Will No-code Development Platforms Kill Coding?
No-code development platforms are software that allows non-programmers or users to build applications using a GUI or visual flow. No-code development platforms work with a WYSIWYG editor, allowing users to quickly connect elements, components, and styles together.
For example, Webflow, a no-code development platform for building websites allows users to select functional components and arrange blocks of elements in visual flow. A website can then be built block by block, element by element, with the designer adding and removing components as he/she deems fit, circumventing the necessity to learn HTML or CSS.
The no-code platform solution is directed mainly at non-programmers and business managers, allowing them to build business solutions that are efficient, scalable, and cost-efficient on the fly. No-code is a revolutionary innovation to the traditional way of building apps. It takes away the middleman (the developer), who stands in-between the app and the management. It takes away months of planning, countless interactions between management and the developer to get the product right, and removes extensive testing by quality assurance engineers.
Benefits of no-coding platforms
- Increased efficiency
- Increased productivity
- Less costly
- Quick delivery
- Increase level of diversity
- Customer satisfaction
Why are No-code platforms popular?
The hype around no-code development gets bigger by the day. In fact, according to Github CEO, Chris Wanstrath
The future of coding is no coding at all.
When COVID happened and people had to work from home, it exposed the demand and supply gap of business solutions – the fast-rising number of digitized solutions needed were undermined by the limited number of skilled developers available to create those solutions. Many solutions to track and minimize the effects of COVID itself had to be built quickly, including the New York engagement portal, which was built on Unqork, a no-code platform. The rising demand for software could not be met by programmers, who were limited by their numbers, skill, and time and so people resorted to other ways to create software.
Not only did the pandemic create a surge in the use of no-code platforms, tech giants like Microsoft and Google with their respective PowerApp and GoogleApp Maker continue to push these solutions as the perfect way to bridge the business-to-programmer gap.
Is No-code a novel idea?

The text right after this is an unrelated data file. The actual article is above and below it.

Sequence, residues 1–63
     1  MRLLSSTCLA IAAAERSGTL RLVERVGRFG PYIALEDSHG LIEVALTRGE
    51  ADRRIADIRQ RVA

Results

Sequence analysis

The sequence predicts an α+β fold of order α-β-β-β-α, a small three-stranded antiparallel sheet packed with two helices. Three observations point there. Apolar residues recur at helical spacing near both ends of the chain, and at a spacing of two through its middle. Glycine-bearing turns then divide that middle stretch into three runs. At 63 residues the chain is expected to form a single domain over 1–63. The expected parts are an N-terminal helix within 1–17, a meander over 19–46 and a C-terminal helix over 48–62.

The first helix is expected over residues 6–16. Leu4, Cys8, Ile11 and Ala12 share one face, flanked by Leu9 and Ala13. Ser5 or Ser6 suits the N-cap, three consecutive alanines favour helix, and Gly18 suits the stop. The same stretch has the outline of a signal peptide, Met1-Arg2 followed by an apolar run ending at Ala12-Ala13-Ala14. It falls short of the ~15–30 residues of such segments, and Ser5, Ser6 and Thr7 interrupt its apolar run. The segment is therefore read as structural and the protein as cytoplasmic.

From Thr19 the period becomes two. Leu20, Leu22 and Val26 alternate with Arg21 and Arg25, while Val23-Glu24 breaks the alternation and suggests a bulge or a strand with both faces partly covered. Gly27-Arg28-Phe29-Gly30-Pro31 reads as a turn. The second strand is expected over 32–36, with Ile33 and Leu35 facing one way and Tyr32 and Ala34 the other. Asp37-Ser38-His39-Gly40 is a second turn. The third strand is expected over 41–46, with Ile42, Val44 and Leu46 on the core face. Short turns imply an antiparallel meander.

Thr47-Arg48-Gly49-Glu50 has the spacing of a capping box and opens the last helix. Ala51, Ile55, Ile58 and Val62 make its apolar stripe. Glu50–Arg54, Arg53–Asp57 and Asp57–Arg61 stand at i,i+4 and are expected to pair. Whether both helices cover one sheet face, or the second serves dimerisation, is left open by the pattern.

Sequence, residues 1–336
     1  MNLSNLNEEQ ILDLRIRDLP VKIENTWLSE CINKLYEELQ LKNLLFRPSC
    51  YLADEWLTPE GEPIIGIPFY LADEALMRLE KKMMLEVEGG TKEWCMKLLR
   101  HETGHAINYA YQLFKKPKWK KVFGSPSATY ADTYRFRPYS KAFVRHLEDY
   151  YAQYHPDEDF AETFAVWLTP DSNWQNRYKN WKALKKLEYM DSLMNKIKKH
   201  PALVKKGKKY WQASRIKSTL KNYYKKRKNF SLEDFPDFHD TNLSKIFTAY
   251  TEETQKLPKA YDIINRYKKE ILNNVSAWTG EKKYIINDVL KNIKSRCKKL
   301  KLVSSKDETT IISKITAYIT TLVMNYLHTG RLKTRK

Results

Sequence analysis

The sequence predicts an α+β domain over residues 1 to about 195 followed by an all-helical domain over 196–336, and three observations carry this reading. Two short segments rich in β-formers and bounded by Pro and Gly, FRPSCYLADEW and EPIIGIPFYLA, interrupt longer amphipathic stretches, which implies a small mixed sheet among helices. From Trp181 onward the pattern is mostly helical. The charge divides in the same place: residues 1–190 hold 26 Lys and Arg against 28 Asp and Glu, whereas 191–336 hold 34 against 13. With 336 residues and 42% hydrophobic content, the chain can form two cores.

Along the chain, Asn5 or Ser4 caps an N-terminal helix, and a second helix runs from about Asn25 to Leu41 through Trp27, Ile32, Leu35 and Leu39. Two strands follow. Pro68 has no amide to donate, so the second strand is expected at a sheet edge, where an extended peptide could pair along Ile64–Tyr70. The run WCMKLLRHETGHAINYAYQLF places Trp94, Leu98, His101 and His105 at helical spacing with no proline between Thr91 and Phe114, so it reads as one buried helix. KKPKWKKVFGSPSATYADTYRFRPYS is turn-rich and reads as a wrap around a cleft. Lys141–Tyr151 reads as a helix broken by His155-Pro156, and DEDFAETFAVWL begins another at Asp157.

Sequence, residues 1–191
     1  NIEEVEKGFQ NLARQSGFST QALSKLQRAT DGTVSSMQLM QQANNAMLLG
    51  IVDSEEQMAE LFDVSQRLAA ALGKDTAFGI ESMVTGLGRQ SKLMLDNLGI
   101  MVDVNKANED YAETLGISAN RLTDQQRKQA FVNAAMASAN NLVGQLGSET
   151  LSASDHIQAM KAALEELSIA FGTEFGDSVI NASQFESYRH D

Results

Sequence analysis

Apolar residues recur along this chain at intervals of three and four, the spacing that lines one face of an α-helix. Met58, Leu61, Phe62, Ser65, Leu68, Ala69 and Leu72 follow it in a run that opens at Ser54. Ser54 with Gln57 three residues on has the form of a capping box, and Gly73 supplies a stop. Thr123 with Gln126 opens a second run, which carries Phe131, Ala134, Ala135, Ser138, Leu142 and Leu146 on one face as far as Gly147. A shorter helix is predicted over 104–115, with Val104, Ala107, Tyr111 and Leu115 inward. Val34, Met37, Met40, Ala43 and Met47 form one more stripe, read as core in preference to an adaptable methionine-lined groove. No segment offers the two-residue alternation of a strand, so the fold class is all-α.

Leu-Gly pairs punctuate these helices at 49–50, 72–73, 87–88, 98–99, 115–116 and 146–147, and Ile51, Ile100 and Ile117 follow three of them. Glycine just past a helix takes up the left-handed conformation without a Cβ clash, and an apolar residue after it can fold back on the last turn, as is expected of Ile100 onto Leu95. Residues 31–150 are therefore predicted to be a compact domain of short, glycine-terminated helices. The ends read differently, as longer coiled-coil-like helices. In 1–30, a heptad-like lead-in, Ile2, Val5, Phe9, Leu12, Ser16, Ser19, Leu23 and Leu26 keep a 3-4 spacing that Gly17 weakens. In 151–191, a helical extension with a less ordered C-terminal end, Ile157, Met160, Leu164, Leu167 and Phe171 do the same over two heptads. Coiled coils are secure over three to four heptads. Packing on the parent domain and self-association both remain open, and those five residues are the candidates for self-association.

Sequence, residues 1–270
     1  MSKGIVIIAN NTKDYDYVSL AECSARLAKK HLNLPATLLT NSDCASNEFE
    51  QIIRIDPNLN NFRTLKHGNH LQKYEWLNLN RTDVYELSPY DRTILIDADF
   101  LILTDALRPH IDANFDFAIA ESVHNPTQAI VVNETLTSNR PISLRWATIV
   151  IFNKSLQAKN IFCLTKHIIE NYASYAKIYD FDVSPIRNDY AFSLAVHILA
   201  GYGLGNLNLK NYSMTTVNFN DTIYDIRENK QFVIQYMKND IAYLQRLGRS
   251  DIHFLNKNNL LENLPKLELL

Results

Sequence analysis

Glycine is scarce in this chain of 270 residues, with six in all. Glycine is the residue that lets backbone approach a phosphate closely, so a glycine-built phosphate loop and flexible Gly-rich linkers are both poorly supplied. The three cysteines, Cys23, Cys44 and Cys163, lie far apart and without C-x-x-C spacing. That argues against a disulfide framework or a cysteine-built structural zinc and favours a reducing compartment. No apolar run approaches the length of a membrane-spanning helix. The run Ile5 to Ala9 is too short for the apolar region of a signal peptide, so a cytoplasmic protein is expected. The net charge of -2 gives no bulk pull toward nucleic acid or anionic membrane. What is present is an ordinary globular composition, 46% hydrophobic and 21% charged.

Absolutely not. In 1997, Macromedia created Dreamweaver, a no-code platform for creating websites. Visual Basic and Access (launched in 1992) generated user interfaces automatically from a database. WordPress, which is a content management system and low-code platform has been around since 2003.
It is remarkable to note that no-code software has been around for more than two decades, yet they did not take-over coding. Instead, they come and go, or work alongside traditional coding.
Is No-code the future of software development? Will it eradicate traditional coding?
As No-code software continues to grow, there are concerns by IT specialists if it makes sense to leave the business of building applications to non-programmers. There are also concerns if these platforms mean the end to professional coding as we know it, and replace developers.
I’m a former software engineer, so I used to have the same fear. Just because coding has been automated doesn’t mean the entire skill is gone. In fact, it may even be more valued now. Every business will have something unique that can’t be addressed by a no-code solution. You still need developers for the exceptions that these visual tools don’t support.
No-code won’t be replacing traditional coding soon, and here’s why.
No-code solutions are only suitable for businesses that offer simple solutions. Everything fits only if it is within the setup of the no-code software vendor. No-code solutions do not offer the same precision and inclusiveness that traditional coding does.
Because it’s a higher level of abstraction, it will be limiting in some ways. You won’t have the same flexibility as code.
The no-code platform provides templates that can be tweaked by the user to fit his own creativity. Sadly, they can’t cover every single specific feature needed by a business. It limits the options available to the user because he has to make do with the components available or seek additional help, which will require more money.
Traditional coding considers all the complexities of a business – security, database, and features. Businesses that are big and complicated cannot be built with no-code platforms as they would be confined to the model, customizations, and themes of the vendor.
It is also important to note that business solutions to be built on no-code platforms must be very specific and strict with their requirements. Proper research on the different no-code vendors should also be carried out. This is to streamline the requirement a business needs with what a vendor offers as not all vendors offer the same features.